Considering rules, the Convention Rules Committee will apparently propose voting changes from a convoluted ranked system based on each precinct’s election participation to a “those who attend the convention” tally. For example, in a ranked system a precinct might have a dozen people show up for a precinct meeting who are told that their precinct would only have one vote at Convention. Attendance could increase if that change was revealed at precinct meetings. While many support this change, to spring it on delegates without advance time for consideration, it could lead many to oppose adoption of the Convention Rules.
As this writer first published at Straight Up on Substack, “The fondest dream of any American Political Party is to welcome all to full participation based on declared principles. Success is judged by increasing numbers of participants, diversity of skills and talents engaged, and functional effectiveness in process.” It should also be fun fellowship, not warfare or lawfare or rulefare with contentious debates which drive people away.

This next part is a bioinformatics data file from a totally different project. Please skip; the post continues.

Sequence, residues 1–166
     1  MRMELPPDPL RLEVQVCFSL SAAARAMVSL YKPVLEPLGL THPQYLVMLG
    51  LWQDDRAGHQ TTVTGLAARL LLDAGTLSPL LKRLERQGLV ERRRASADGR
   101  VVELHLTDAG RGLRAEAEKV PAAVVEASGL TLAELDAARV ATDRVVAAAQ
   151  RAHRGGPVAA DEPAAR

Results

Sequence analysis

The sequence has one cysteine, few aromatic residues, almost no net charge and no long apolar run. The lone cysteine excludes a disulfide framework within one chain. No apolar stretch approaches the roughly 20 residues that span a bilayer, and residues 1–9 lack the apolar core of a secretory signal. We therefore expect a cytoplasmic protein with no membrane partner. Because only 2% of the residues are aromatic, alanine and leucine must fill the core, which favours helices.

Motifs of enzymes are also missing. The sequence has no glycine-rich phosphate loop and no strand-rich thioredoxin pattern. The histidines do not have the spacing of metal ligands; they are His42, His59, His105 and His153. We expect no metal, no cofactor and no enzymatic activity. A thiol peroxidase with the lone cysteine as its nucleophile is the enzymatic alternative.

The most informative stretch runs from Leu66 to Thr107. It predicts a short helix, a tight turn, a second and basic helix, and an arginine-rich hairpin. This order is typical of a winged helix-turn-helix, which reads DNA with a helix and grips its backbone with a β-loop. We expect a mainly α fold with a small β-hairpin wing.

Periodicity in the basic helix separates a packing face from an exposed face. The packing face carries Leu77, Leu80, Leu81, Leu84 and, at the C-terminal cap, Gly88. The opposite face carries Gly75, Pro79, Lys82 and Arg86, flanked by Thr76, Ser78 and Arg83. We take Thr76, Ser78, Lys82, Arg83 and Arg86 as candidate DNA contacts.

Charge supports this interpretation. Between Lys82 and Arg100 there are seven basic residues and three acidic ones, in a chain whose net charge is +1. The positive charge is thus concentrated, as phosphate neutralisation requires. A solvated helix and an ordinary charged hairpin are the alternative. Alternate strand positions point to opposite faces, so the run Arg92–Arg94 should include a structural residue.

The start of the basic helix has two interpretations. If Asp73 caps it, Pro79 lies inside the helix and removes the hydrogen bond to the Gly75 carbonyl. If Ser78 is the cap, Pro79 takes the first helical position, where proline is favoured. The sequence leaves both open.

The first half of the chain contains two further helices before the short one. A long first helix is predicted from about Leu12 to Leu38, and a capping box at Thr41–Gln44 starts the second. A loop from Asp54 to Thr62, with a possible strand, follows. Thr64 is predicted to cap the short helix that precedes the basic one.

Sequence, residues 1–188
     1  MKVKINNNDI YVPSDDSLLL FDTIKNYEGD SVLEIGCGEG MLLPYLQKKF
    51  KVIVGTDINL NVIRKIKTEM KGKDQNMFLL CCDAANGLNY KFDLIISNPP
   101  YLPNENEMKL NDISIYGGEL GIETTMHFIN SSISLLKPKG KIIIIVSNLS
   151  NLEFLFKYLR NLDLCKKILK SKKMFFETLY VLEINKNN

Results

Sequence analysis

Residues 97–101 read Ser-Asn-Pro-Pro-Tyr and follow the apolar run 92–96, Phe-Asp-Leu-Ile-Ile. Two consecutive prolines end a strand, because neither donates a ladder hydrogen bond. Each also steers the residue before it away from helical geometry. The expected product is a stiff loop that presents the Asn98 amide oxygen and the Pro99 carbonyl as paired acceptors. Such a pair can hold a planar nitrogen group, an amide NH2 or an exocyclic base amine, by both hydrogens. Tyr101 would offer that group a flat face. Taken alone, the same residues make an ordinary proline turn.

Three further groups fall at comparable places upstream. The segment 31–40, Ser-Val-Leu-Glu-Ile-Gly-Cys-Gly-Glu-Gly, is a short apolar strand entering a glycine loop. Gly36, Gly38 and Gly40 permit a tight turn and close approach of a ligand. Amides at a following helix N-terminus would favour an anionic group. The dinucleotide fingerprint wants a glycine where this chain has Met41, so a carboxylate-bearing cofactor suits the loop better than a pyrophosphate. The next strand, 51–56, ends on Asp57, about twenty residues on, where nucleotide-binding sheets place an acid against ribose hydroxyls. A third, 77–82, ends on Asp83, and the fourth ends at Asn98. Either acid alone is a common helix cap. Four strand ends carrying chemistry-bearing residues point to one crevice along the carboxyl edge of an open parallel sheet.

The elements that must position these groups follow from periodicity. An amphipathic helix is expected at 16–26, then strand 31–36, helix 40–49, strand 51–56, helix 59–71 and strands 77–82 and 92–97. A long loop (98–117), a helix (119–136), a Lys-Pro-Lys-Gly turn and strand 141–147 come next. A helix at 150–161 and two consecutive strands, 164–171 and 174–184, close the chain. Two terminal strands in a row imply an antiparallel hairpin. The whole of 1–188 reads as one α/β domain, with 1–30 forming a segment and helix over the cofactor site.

Failing forthrightness, all leaders come under increased scrutiny. This writer questions why the Republican Party of Tulsa County has not filed a report with the Oklahoma Ethics Commission on contributions and expenditures for the last five years while led by David McLain, Bob Jack and Ronda V. Smith.
“Local Party Committees are required to file a Report of Contributions and Expenditures only when the committee does one of the following “triggering events”: (1) Makes an independent expenditure, (2) Makes an electioneering communication or (3) Makes a contribution in any amount to a candidate for any state office.”
There is circumstantial evidence of the party making independent expenditures for signs, events, specialty advertising products (t-shirts, bumper stickers, hats, etc.), and social media. Regular reports should be available online here, but a current member of the County Executive Committee, on the condition of anonymity, said, “Ronda is very crafty and, while she speaks about election law, she finds ways to comply that push the envelope.”